US & USSR: one step to take
On the night the Soviet aircraft destroyed KAL Flight 7, a United States Air Force RC-135 intelligence aircraft was conducting a mission outside Soviet airspace off the Kamchatka Peninsula.
The presence of the RC-135 was part of a continuing program of US flights along Soviet borders. The Soviet Union routinely conducts intelligence flights along the borders of the United States, sometimes approaching US territorial airspace. These flights are deemed essential by both superpowers and, in some respects, play a positive role in monitoring compliance with arms control agreements. However, they represent a potential flash point of military confrontation. It is time for the US and the Soviet Union to begin an effort to reduce this risk.
One approach would be to take a leaf from the book of one of the most successful superpower agreements of the 1970s - the US-Soviet Agreement on Prevention of Incidents at Sea. This 1972 agreement arose from a mutual concern about the increasing number of serious incidents between US and Soviet warships and naval aircraft operating in close proximity around the world. It committed the superpowers to establish regular contacts between US and Soviet naval officers to discuss ways of minimizing the risks associated with such close encounters.
The Incidents at Sea Agreement has been a resounding success. Each year delegations of high-ranking naval officers from both nations have met. These discussions have created agreed procedures for minimizing dangerous naval incidents as well as new channels for military-to-military communications to defuse serious incidents when they occur.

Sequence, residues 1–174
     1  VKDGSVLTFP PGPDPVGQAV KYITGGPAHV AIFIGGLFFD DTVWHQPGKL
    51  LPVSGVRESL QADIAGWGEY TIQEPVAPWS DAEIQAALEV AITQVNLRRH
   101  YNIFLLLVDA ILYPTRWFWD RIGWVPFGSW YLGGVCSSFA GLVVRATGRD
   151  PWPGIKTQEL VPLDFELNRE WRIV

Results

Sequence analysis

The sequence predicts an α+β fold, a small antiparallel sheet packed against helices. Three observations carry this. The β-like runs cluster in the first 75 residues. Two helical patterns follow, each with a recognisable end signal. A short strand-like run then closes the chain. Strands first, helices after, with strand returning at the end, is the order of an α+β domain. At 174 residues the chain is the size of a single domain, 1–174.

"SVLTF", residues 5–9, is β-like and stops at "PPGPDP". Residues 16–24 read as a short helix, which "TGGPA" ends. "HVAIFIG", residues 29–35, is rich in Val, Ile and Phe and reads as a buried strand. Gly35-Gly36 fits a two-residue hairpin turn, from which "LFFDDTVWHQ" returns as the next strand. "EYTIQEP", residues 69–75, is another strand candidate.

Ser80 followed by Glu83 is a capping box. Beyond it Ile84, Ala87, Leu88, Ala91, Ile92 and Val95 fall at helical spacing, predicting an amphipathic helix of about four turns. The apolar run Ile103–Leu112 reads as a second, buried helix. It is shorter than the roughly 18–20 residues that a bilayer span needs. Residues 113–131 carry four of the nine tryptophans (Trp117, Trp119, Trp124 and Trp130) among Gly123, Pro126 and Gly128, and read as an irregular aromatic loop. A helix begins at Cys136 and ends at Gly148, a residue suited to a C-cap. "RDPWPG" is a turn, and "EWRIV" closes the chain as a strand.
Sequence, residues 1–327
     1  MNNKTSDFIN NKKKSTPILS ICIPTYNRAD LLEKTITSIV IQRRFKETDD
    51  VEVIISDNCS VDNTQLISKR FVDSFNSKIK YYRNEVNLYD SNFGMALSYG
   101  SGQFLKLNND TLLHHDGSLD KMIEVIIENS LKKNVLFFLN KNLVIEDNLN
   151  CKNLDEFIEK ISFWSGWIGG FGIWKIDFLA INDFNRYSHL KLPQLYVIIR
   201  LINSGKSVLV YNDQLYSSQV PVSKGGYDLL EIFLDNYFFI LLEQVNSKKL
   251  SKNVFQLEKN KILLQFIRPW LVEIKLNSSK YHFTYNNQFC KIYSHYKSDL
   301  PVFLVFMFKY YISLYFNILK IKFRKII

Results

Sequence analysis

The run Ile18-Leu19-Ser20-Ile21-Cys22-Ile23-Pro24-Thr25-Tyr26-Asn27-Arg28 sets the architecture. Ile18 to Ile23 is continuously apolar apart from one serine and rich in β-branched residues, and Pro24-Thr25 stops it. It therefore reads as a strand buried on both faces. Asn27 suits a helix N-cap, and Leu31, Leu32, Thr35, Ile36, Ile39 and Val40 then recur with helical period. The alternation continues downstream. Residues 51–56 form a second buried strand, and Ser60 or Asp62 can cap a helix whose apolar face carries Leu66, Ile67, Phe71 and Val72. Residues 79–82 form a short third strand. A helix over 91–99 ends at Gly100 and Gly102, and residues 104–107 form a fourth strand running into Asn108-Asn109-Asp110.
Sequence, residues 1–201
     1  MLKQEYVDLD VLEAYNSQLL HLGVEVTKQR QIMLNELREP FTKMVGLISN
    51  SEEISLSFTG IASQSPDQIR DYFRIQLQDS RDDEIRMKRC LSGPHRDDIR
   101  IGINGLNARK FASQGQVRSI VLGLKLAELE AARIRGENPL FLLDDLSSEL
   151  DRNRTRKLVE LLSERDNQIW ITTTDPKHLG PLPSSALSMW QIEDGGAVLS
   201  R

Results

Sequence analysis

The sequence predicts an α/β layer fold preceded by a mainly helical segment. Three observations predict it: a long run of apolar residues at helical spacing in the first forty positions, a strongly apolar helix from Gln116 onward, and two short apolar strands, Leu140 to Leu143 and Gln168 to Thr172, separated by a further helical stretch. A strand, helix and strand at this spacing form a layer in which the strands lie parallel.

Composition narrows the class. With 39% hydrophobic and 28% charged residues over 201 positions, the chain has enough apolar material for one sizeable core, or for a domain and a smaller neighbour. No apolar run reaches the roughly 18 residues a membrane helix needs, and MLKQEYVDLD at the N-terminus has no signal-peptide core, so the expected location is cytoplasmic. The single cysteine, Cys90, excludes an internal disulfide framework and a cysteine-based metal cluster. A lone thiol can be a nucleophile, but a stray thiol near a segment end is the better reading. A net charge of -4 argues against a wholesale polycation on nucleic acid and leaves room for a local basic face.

Washington should propose to Moscow the negotiation of a similar Air Incidents Agreement. This initiative would complement efforts by several countries to have the International Civil Aviation Organization ban the use of force against civilian aircraft. Also, it would be entirely compatible with the administration's emphasis on ''confidence-building measures'' to reduce the risk of accidents or miscalculations that could lead to war. In view of its own interest in lowering such risks and its positive experience with the Incidents at Sea Agreement, the Soviet Union might respond positively to such a serious initiative.
US and Soviet officers then could begin developing standing ''rules of the road'' for handling routine military air encounters along their borders and for defusing more dangerous air incidents as they occur. Such discussions might facilitate establishment of new channels for crisis communication. They would also advance the long-term US goal of expanding the scope of superpower military-to-military contacts, an objective that takes on greater importance now as the Soviet military appears to be gaining greater influence within the Kremlin leadership.
A US proposal for negotiation of an Air Incidents Agreement could be one practical step in an urgently needed comprehensive strategy to restore dialogue between Washington and Moscow and arrest the superpowers' drift toward confrontation. A timely and constructive US initiative to reduce the risk of war would contrast sharply with the Soviet decision to walk out of the Geneva negotiations and suspend the strategic arms dialogue. It would also underscore US determination to move beyond mutual recrimination to derive something positive from the tragedy of KAL Flight 7.